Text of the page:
Tory leadership candidate rips public library for banning his meeting with pro-lifers
SASKATOON, Saskatchewan, January 27, 2017 (LifeSiteNews) — MP Brad Trost is crying foul after a Saskatoon public library cancelled a pro-life meeting scheduled there for this Saturday.
In a letter to organizers, Beth Cote, director of public services for the Saskatoon Public Library, stated the meeting was cancelled because of its “controversial nature.”
The library had also considered the Saskatoon Public Library’s “stance as a supporter and defender of both intellectual freedom and freedom of speech” in its decision, Cote wrote.
Trost, a staunchly pro-life MP and Conservative leadership candidate, denounced the decision as a ban that amounts to “muzzling Christians.”
“Cancelling this earnest discussion of policy because protesters threaten violence isn’t just anti-Christian, it’s anti-democratic,” he stated in a press release from Quebec City, where he’s attending the Tory caucus meeting.
“Could you imagine the uproar if the City of Saskatoon cancelled a pro-choice event because the Catholic Church objected?”
Trost found it “particularly galling” that the library cited “concern for freedom of speech” as a reason “to ban Christians from renting a public meeting room.”
“How does muzzling Christians preserve their right to speak? It’s an absurd argument,” he stated.
The meeting was booked before Christmas after a group of Christians approached Trost and said they “wanted to sit down with him and discuss some of their core issues,” Mike Patton, Trost's spokesman, told LifeSiteNews.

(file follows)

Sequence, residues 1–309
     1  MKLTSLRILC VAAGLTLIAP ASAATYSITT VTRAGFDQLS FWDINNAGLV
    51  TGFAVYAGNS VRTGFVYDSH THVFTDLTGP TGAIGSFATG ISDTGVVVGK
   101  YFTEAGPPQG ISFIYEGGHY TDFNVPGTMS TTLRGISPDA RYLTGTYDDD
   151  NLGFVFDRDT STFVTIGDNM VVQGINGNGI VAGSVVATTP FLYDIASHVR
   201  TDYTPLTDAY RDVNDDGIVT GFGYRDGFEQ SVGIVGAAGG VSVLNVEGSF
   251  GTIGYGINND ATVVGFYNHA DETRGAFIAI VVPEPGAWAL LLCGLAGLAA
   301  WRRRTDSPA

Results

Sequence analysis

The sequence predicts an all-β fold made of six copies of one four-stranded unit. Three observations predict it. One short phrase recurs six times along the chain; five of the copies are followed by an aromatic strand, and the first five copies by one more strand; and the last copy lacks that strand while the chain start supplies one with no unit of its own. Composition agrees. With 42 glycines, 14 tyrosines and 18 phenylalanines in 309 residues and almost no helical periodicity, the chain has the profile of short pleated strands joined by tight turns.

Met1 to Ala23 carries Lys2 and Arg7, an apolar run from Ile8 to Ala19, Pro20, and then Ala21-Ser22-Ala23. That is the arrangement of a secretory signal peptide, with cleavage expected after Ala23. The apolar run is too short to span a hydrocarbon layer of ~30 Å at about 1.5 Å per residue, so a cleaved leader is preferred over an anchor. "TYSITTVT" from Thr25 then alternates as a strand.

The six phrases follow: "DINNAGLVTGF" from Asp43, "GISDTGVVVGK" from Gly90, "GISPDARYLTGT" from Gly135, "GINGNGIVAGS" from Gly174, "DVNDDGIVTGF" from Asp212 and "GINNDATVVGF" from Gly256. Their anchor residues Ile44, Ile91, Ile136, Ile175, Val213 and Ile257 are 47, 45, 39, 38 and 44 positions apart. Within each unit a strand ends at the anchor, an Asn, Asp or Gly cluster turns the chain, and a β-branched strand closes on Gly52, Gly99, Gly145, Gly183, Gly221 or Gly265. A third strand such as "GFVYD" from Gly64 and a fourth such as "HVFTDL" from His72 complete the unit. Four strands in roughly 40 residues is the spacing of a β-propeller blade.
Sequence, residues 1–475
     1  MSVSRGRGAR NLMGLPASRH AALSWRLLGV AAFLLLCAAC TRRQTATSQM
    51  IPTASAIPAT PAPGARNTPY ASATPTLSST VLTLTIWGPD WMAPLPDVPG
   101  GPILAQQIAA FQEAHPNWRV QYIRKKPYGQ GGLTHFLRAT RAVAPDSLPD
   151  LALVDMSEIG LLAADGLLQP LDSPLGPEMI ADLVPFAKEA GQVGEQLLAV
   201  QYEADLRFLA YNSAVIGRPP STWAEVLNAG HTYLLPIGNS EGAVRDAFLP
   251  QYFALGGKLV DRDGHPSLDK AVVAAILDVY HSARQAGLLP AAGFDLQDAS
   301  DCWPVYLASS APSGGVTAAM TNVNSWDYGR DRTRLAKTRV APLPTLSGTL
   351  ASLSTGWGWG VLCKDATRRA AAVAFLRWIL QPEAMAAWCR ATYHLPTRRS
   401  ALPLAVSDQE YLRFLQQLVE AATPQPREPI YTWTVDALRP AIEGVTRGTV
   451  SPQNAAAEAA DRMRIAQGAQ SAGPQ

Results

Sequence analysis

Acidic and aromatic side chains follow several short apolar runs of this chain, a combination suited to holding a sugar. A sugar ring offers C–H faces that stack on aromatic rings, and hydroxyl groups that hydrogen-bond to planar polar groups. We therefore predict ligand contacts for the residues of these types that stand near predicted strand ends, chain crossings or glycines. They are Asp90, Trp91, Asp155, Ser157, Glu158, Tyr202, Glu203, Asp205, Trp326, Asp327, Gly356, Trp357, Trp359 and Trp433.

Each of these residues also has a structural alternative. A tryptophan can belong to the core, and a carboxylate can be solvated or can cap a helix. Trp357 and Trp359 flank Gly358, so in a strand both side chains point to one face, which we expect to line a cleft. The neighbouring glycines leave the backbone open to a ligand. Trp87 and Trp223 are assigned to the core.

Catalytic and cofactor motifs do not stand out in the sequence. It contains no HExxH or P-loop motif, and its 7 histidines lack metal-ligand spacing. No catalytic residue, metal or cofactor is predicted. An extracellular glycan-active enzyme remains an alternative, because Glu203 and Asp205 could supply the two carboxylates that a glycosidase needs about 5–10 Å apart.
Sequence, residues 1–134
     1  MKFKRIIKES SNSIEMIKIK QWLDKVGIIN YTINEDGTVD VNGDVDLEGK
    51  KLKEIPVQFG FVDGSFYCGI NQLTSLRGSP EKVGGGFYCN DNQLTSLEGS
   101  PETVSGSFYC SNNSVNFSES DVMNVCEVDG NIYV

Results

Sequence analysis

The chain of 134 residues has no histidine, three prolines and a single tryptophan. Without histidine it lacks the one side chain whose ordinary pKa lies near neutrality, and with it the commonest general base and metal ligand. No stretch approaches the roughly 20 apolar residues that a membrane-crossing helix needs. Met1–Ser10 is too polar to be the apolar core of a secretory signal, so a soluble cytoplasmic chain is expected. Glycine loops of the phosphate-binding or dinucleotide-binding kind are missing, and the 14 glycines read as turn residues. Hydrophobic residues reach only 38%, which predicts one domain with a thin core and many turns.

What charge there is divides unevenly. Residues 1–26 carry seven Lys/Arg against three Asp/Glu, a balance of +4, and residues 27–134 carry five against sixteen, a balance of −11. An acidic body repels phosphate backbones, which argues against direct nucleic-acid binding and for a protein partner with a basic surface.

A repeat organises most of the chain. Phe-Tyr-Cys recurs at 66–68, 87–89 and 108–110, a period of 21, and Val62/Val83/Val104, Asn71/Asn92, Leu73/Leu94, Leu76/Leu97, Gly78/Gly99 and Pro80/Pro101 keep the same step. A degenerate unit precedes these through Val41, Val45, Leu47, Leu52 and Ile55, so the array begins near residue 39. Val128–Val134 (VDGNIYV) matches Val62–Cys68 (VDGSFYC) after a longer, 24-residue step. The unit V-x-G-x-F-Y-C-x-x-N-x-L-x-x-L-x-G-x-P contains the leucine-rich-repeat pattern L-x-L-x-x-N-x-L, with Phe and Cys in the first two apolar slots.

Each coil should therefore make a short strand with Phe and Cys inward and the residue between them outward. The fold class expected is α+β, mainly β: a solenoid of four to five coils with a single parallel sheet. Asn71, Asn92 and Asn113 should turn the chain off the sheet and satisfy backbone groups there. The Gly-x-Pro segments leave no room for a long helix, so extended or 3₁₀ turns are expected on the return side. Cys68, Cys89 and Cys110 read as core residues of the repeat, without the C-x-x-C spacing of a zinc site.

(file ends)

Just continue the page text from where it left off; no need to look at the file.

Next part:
The group of both Catholics and Protestants “wanted to know what expectations are reasonable regarding abortion and euthanasia,” with a view to possibly supporting Trost in his leadership bid.
But “once you start talking to people, word gets out,” Patton said.
When abortion advocates got wind of the meeting, they started a Facebook page inviting people to protest. “Then they called the library and said, by the way we’re protesting, and we’re going to cause a big fuss,” Patton said.
“The reality is the people who were planning on attending the event are devout Christians, and the least likely people in the world to be a security issue,” he added. “So it was strictly the protesters who were threatening problems.”
That’s when, rather than call Trost’s organizers, the library sent a letter declaring its decision to cancel.
According to the Canadian Press, about 50 people signed on to attend the protest on the Facebook page, called “Protest Brad Trost and his anti-choice politics.”
Carol Cooley, the chief executive officer for Saskatoon’s libraries, denied the library was banning pro-life Christians.
“We’re just not equipped with staff, security, space to manage to a protest against Mr. Trost,” she told the Canadian Press.
“It has nothing to do with his views, we definitely back intellectual freedom and the Charter of Rights and Freedoms. It’s just a matter of, ‘Can we operationally handle the event and the resulting protest?’ And we really can’t.”
But Trost maintained that “if this was an environmental group with a bunch of unemployed oil-patch workers protesting, I don’t think they would be getting the boot.”
“This basically explains why I’m running,” he told the Canadian Press. “There are people in the country who don’t want room for social conservatives to even talk about their issues.”
Jack Fonseca, Campaign Life Coalition’s senior political strategist, says he applauds Trost for exposing the incident, which “demonstrates yet again that liberal progressives view pro-life Canadians as second class citizens, unworthy of equal treatment or even common decency.”
Added Fonseca: “It’s refreshing to see a Conservative finally stand up to them. Kind of like Donald Trump calling out progressive bias and exposing it for the world to see, Trost is doing the same.”
“This is just one small example amongst many where Trost has shown true conservative leadership,” he said. “So I would urge conservatives of all stripes to get behind Brad Trost’s campaign.”
Patton said Trost, who has been a Saskatoon MP since 2004, has no concern about the protestors, and would even likely recognize a number of them.
The meeting will now take place at the Sandman Hotel, he said.
“And the protestors will be there too.”
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